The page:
Now on reflection (and with no doubt the process of time), I would say – “What’s fair?”, “Why not my brother?” and for that matter, “Why not me?”
Life’s not fair – life is full of many painful trials.
This all comes back to your view of your life and the role the universe plays in it.
I don’t believe our life is meant to be perfect or ideal.
That view of life is dangerous – it leads to disappointment, a sense of unfulfilled expectations and then anxiety, depression, and other forms of dysfunctional behaviours.
The role of the universe is not to stop bad things from happening.
After all, experiencing these painful trials is where growth occurs. Rather, I think the role of the universe is to be an ever-present force – a gentle force that surrounds us seeks to comfort us, and give us strategies to cope with these painful trials.
I don’t believe the universe, God or any other spiritual reference point neither causes bad things to happen nor prevents them.
The rain falls on the just as well as the unjust. The universe does not interfere with the natural consequences of cause and effect.
The universe stands with us but does not stand in our way.
The other solution to this “why” question is that bad things do happen.
I think there is a belief that if I live a good life and “do good”, nothing bad will happen.
I don’t think this could be further from the truth, and the more we hang onto this belief – consciously or not, the more dysfunctional is our response.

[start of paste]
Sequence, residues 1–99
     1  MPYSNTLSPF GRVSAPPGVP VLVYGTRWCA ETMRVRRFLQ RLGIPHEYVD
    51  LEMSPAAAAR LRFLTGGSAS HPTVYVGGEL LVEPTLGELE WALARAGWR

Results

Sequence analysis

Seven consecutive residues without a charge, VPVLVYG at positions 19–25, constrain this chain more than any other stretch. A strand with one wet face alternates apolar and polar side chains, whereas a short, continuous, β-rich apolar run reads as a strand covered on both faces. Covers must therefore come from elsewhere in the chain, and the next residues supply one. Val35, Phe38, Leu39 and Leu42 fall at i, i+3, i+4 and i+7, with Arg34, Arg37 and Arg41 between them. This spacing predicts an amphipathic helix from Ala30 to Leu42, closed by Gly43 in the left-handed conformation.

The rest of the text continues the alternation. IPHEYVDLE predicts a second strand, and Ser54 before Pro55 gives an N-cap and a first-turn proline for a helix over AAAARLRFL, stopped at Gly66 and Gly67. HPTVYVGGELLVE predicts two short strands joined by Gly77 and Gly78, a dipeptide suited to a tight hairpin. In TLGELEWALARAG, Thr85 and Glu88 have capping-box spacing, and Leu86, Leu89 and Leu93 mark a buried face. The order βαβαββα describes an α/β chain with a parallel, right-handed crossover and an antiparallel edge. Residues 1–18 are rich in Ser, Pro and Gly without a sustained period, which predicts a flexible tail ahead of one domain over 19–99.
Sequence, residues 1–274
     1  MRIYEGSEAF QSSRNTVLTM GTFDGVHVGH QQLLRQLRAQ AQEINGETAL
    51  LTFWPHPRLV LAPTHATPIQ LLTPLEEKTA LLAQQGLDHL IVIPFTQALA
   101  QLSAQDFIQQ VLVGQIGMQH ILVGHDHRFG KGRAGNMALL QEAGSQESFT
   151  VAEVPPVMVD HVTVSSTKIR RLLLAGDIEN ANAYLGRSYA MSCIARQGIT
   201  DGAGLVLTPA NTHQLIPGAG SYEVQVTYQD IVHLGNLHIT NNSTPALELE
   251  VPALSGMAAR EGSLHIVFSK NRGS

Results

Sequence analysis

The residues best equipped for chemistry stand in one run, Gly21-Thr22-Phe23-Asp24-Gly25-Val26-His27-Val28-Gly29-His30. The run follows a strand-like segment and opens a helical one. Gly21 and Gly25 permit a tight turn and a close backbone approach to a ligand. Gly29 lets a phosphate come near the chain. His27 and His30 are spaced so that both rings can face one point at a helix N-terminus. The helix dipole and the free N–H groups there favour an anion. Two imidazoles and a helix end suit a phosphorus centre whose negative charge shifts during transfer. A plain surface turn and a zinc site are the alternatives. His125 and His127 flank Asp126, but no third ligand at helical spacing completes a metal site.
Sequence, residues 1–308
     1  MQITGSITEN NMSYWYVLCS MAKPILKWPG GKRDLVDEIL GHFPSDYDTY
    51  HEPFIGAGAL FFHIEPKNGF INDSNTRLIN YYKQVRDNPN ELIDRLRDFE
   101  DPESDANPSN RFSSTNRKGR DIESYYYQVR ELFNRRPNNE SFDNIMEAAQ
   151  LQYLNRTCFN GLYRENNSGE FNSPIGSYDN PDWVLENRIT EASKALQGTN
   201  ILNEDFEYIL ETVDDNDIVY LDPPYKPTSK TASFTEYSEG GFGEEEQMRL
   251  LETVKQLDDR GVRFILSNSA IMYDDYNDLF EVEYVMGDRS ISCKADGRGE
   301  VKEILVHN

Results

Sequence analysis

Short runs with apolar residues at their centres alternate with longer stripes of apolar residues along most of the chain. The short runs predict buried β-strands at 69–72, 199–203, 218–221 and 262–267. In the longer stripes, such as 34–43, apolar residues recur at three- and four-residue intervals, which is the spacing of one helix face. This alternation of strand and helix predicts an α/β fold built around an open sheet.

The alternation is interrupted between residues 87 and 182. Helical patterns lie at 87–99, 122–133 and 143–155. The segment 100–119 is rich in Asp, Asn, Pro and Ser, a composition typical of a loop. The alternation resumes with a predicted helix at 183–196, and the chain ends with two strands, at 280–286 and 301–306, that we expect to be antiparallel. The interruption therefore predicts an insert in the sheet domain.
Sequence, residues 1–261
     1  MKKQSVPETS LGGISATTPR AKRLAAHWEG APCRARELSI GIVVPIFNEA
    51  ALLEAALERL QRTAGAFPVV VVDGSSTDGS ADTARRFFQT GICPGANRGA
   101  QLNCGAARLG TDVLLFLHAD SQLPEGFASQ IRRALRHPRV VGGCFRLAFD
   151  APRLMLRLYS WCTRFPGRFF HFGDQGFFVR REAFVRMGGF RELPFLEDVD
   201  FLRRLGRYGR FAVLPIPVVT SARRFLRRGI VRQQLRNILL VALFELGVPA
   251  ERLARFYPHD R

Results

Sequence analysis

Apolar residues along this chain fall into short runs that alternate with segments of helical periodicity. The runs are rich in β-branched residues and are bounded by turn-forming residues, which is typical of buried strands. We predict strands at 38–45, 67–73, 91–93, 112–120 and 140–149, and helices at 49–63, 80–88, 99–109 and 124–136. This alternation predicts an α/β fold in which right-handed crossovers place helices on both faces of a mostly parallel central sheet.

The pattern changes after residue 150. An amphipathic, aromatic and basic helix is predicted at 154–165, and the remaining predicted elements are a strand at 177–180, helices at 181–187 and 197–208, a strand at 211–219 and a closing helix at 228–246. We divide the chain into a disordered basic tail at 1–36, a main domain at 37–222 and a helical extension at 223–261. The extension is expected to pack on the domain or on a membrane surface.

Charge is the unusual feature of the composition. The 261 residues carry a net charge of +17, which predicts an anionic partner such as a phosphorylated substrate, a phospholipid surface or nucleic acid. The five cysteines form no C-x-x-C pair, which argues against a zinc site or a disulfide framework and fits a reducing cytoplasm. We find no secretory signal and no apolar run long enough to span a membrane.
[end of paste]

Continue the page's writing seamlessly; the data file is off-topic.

Have you ever noticed that when bad things happen, we need to find out why?
We need a reason, someone to blame, and we need to justify it – the old “they had it coming to them!”.
And until we find that purpose/reason/ person, we won’t be satisfied – leading to years of sorrow, ill-feeling, missed friendships and wasted energy on revenge.
What would happen if there was no rhyme or reason?
Acceptance is one of the first steps for
healing. It is hard to do – especially if you
want to blame someone – but imagine how empowering that release for the need to know why is?
Another way to answer the “why” is to look for the positives.
This is a challenge when you’re in the pits of pain and a sense of loss.
We know there must be some positives at a rational level, but probably not then and there.
Maybe the way to handle this is to accept life is a mystery and accept that there are reasons why bad things happen, and those reasons are not always known to us.
Another solution to finding the “why” is deeply examining our view of life and looking deeply into our values and beliefs.
We would all like a world that is predictable, manageable, and under control – one that abides by our own rules.
We want a universe on our terms – and unfortunately, that isn’t going to happen.
I was recently given the imagery of people in Papua New Guinea rowing a boat, carrying religious folk to a coming-of-age ceremony.
The weather turned, and the boat looked in peril of being swamped.
The religious people started to pray and prepare for death while the local people rowing the boat just kept going.
They later reflected that the religious folk’s faith was based on a “solid, dry ground, safe terrain” version whilst the locals’ view was based on an all-weather,
multi-terrain view – taking these painful trials as they come.
Great imaginary isn’t it!?
I can’t answer the “why” as to so why bad things happen and I must confess I’ve given up trying.
But what I can do, and I urge you to do the same, is to walk with people through these painful trials, to address the seeds of doubt, and allow growth. In that way, you will transform yourself, and I suspect transform others.